There are many different kinds of alfajores, but if I had to describe them in a simple fashion, I'd say they are super cookies.  That, and they're basically a vehicle for dulce de leche.  They can either be two soft butter cookies sandwiched around dulce de leche, or they could be 2-3 layers of biscuity cookies (or soft cakey layers) sandwiched among dulce de leche or chocolate and then dunked in a coating of chocolate.  You can get them at a coffee shop/restaurant or you can pick up an individually wrapped one at the nearest kiosko.  To be clear, I like ALL alfajores; but I've definitely consumed more of the kind that is pictured in this adjoining photo.  Also, buying alfajores from the kioskos is a great way of getting monedas (change) for the colectivos (buses), so it's really a win-win situation.  There is also no unacceptable time of the day to eat an alfajor, which is great!  Unless you're being fed them for breakfast at 8am on a Tuesday... then it's a little much.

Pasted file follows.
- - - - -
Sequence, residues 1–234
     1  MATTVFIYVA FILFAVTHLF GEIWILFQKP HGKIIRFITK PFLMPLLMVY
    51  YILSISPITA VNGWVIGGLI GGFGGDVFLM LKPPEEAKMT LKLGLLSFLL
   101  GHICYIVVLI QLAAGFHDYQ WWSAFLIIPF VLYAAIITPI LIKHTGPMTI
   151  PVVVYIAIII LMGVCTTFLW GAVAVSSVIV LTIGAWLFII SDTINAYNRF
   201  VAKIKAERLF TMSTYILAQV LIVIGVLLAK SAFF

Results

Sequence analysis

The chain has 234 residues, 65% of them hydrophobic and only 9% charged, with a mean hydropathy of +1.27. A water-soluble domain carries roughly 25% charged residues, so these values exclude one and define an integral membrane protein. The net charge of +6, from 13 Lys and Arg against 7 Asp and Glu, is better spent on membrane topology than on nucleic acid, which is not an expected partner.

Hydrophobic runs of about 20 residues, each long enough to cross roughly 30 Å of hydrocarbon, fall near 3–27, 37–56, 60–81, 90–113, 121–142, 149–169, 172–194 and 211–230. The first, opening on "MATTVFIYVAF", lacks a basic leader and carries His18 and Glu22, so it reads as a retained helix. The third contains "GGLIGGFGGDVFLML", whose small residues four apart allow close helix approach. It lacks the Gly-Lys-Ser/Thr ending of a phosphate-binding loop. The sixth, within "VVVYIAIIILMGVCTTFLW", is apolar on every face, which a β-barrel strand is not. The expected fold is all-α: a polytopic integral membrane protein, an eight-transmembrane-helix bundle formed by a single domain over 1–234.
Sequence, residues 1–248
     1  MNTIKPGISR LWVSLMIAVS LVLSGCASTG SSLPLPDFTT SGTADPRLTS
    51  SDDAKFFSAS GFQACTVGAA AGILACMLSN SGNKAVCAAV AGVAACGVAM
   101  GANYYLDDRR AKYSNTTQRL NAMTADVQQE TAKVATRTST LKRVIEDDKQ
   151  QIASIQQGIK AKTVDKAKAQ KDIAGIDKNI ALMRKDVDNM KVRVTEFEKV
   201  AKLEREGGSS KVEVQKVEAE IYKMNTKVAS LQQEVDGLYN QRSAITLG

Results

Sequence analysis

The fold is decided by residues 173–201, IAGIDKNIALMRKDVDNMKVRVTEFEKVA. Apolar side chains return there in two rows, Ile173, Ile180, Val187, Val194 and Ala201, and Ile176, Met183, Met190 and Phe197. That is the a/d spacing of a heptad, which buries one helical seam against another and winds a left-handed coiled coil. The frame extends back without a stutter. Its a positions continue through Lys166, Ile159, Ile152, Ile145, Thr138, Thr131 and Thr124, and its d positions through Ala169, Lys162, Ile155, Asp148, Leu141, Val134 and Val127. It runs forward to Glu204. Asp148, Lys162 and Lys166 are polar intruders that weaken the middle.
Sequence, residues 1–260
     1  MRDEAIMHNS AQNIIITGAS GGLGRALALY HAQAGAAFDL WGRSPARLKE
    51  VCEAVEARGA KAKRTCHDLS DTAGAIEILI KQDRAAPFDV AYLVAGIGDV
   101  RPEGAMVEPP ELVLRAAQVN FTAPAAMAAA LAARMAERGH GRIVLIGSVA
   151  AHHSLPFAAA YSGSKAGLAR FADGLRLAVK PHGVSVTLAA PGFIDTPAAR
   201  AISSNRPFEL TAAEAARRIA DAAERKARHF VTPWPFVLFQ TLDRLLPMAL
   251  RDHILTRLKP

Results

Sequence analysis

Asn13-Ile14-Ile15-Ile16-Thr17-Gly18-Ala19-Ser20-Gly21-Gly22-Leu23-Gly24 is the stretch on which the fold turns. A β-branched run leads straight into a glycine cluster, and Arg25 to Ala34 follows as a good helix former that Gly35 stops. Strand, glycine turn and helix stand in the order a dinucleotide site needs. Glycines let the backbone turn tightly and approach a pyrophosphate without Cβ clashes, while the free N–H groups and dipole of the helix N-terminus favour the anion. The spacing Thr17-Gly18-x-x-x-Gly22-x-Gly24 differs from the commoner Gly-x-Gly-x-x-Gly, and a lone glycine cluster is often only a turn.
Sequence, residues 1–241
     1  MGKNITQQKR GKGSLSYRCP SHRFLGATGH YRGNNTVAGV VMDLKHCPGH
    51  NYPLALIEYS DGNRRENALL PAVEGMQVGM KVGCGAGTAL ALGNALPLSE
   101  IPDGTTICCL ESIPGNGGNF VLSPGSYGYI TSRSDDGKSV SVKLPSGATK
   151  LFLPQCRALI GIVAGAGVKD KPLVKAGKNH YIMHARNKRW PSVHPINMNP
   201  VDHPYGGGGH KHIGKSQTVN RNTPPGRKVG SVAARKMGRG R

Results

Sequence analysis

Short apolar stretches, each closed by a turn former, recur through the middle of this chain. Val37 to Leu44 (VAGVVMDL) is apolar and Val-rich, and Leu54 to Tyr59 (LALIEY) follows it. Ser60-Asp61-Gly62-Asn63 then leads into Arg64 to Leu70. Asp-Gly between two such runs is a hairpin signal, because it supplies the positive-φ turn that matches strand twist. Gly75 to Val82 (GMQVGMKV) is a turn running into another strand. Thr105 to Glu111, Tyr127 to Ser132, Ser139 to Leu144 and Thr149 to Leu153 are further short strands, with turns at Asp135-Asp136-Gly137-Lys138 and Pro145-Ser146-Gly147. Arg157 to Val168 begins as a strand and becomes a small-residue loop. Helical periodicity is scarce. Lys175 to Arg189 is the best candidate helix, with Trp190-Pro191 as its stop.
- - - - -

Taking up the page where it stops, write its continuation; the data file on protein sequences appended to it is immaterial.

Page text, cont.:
La Noche
I've said it before and I'll say it again: the nightlife here is ridiculous.  I'm trying to have as much fun as possible here to hopefully get it out of my system before I return to the United States of America where bars/clubs close at 2am (4 if you're lucky), the drinking age is 21, and having fun is confined to fridays and saturdays.  But it's not all about getting crazy here.  It's just nice knowing that you can basically enjoy any and all hours of the day, whether the sun is shining or not.  You can sleep when you're dead, or when you're back in the States, or until 4pm the next day after coming home at 6am; whichever you choose, Buenos Aires is a place to have fun, live life, and enjoy the company of your friends and even some random strangers who might become your friends.

Monday, May 16, 2011

Mate (Mah-Tay)